It was a courageous decision to take, given how certain everybody was about Jamaica, and how the main narrative was that we need a coalition of those who want in order to prevent the AfD from benefiting from a country without leadership. From the little evidence we have: Jamaica would have been a coalition with lots of infighting. It would not have been a coalition that had the potential to increase the trust of the electorate that politicians do politics for a political goal, not just for their personal membership in the government. While I sympathized with Jamaica, I now realize that it would have done nothing but strengthen the AfD, as they could have continued comfortably with their narrative – “us against them”. Jamaica – a government formed by four out of seven parties in the parliament – was just another grand coalition.
German newspaper “Die ZEIT” wrote in 2013 a compelling article that proposed a minority government. Yesterday, the “Frankfurter Allgemeine Zeitung” published a guest article by an FDP member who proposes it again for 2017. And this morning, voices in the SPD are getting louder that a minority government of CDU/CSU could be tolerated by the SPD.
Personally, I don’t care if it’s tolerated. That anyways should only mean that the government would be elected (in the German system, toleration is not strictly necessary for that) and would survive a confidence vote. I’m less favorable about a minority government tolerated by the Liberals or the Green party – since those have been foes in the Jamaica negotiations, any toleration by one of the two is a partisan decision. I can’t see how that would lead to more willingness to collaborate with the other one of the two.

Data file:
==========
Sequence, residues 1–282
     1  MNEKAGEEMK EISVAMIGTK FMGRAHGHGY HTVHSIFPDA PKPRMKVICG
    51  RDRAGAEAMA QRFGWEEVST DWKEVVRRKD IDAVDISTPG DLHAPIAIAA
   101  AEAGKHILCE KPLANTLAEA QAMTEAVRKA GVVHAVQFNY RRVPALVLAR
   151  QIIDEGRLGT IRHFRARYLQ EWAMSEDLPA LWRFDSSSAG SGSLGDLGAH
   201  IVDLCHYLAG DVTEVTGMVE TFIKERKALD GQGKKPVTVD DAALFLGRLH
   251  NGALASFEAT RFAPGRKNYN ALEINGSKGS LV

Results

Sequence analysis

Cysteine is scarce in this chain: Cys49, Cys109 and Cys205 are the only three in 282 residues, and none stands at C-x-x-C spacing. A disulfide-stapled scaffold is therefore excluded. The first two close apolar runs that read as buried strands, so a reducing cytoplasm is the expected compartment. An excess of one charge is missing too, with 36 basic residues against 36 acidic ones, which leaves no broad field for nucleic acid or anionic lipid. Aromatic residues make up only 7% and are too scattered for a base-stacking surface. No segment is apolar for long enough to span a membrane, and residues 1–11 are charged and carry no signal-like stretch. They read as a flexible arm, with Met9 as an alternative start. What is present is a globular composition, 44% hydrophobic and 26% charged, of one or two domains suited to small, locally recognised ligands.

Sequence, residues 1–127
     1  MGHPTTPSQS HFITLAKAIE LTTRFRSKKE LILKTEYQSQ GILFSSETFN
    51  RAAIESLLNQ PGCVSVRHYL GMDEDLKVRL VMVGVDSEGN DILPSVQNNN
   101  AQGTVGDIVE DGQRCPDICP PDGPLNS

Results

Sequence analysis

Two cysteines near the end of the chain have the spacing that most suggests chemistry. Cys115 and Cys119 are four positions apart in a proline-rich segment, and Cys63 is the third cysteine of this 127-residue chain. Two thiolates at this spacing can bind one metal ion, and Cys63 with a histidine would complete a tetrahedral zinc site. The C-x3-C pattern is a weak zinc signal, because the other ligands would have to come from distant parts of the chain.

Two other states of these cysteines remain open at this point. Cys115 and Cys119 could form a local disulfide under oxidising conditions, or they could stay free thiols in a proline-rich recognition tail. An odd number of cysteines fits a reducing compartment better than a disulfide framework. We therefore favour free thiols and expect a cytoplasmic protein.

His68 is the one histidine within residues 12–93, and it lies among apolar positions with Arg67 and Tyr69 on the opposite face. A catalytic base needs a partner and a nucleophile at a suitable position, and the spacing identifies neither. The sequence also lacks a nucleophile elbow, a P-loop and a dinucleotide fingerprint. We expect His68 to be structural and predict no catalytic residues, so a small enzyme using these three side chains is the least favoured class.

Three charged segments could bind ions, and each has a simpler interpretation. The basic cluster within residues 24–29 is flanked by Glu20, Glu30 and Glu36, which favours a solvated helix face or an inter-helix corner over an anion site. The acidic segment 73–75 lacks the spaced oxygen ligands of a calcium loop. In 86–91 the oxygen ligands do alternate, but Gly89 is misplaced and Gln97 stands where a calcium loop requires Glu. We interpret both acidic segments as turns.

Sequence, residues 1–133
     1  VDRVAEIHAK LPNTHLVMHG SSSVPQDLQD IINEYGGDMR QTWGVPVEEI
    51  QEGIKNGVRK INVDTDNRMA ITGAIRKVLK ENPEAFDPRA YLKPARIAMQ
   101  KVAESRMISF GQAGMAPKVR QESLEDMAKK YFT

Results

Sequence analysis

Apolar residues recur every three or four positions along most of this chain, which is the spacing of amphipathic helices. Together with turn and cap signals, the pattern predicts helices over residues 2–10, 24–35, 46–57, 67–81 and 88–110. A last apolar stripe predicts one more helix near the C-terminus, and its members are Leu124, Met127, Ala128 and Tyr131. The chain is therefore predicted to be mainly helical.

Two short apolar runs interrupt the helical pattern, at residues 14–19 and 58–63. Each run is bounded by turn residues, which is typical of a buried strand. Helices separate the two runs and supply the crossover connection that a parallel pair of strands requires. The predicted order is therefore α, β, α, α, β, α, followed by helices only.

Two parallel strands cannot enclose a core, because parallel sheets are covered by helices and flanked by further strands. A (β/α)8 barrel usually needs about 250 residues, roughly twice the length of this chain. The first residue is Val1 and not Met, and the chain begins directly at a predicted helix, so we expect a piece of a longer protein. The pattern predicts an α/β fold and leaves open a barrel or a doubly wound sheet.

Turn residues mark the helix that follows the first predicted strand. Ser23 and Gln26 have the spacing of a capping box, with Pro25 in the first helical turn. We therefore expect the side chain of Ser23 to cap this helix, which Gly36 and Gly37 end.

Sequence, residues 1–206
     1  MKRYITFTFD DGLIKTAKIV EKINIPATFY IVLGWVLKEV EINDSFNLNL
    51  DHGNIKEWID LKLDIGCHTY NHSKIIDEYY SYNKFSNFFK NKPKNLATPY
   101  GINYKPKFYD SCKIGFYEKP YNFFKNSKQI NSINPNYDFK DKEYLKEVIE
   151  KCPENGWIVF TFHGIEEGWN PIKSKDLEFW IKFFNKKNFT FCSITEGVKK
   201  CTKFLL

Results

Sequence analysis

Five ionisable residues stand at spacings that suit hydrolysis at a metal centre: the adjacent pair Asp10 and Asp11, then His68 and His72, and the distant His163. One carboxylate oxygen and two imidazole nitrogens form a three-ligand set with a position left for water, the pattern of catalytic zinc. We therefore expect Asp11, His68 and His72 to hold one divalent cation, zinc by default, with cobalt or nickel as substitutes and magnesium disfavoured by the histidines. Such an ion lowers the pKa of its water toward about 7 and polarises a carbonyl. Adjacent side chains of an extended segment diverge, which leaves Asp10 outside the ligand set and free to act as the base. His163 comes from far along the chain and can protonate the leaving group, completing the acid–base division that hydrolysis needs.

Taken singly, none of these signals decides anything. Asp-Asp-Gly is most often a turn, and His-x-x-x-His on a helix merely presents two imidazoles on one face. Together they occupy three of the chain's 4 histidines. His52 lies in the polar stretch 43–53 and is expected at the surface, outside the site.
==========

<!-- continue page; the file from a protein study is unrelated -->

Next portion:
Things are different if the CDU/CSU dares to take on that task all by itself. I’m confident that it would work because the main players in such a situation would still be the CDU/CSU and the SPD. After eight years of grand coalition, however, they are not as polarized as the main players in most other countries usually are. While there will be more debate, there will also still be political respect that enables communication across the isle.
So, let’s have a minority government. Let them have debates. I’m looking forward to it. All of a sudden, it will happen that the voice of the AfD is just one among many. It’s a great chance to break this vicious cycle of over-reporting on them. Much of their success rests on the attention they get; it rests on the recognition they receive as opponents of the incumbents. In a minority government, there are effectively no incumbents anymore.
New elections in 2021?
However, while I am against snap elections, I’m less certain that a minority government would or should last the entire legislative period. To some extent, that depends on the success. More importantly, the distribution of support for either party in the electorate will change, very likely, based on their individual performance and a huge number of exogenous events that we don’t know anything about yet. There might be a legitimate point at which to call for new elections, i.e. when polls over a longer time period suggest that a simple coalition government (read: two fractions only) could form.
There will be. And at that point, I also would not see it as a silly rejection of how realistically political opinions are distributed at this moment.